The centrality of the family was a dominant feature for all classes. Worriers repeatedly detected threats that had to be dealt with: working wives, overpaid youths, harsh factory conditions, bad housing, poor sanitation, excessive drinking, and religious decline. The licentiousness so characteristic of the upper class of the late 18th and early 19th centuries dissipated. The home became a refuge from the harsh world; middle-class wives sheltered their husbands from the tedium of domestic affairs. The number of children shrank, allowing much more attention to be paid to each child. Extended families were less common, as the nuclear family became both the ideal and the reality.
The emerging middle-class norm for women was separate spheres, whereby women avoid the public sphere – the domain of politics, paid work, commerce, and public speaking. Instead, they should dominate in the realm of domestic life, focused on the care of the family, the husband, the children, the household, religion, and moral behavior. Religiosity was in the female sphere, and the Nonconformist churches offered new roles that women eagerly entered. They taught in Sunday schools, visited the poor and sick, distributed tracts, engaged in fundraising, supported missionaries, led Methodist class meetings, prayed with other women, and a few were allowed to preach to mixed audiences.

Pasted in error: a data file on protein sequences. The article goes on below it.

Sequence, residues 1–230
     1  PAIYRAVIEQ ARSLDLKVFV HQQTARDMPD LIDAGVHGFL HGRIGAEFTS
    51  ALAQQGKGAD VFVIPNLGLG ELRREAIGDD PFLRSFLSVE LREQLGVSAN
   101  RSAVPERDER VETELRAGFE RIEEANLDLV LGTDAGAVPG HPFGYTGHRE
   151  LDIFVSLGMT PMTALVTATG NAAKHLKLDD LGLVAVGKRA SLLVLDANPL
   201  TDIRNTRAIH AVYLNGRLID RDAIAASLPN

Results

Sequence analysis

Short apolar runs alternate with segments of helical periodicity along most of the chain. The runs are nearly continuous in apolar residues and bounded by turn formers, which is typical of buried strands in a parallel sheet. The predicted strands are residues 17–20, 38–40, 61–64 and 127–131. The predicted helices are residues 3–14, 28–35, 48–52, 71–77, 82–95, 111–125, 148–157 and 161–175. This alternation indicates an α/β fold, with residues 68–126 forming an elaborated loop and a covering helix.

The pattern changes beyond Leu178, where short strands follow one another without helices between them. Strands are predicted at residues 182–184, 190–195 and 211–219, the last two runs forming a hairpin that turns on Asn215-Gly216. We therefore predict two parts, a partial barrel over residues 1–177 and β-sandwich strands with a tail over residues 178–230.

The long 1854 poem The Angel in the House by Coventry Patmore (1823–1896) exemplified the idealized Victorian woman who is angelically pure and devoted to her family and home. The poem was not a pure invention but reflected the emerging legal economic social, cultural, religious and moral values of the Victorian middle-class. Legally women had limited rights to their bodies, the family property, or their children. The recognized identities were those of daughter, wife, mother, and widow. Rapid growth and prosperity meant that fewer women had to find paid employment, and even when the husband owned a shop or small business, the wife's participation was less necessary. Meanwhile, the home sphere grew dramatically in size; women spent the money and decided on the furniture, clothing, food, schooling, and outward appearance the family would make. Patmore's model was widely copied – by Charles Dickens, for example. Literary critics of the time suggested that superior feminine qualities of delicacy, sensitivity, sympathy, and sharp observation gave women novelists a superior insight into stories about home family and love. This made their work highly attractive to the middle-class women who bought the novels and the serialized versions that appeared in many magazines. However, a few early feminists called for aspirations beyond the home. By the end of the century, the "New Woman" was riding a bicycle, wearing bloomers, signing petitions, supporting worldwide mission activities, and talking about the vote.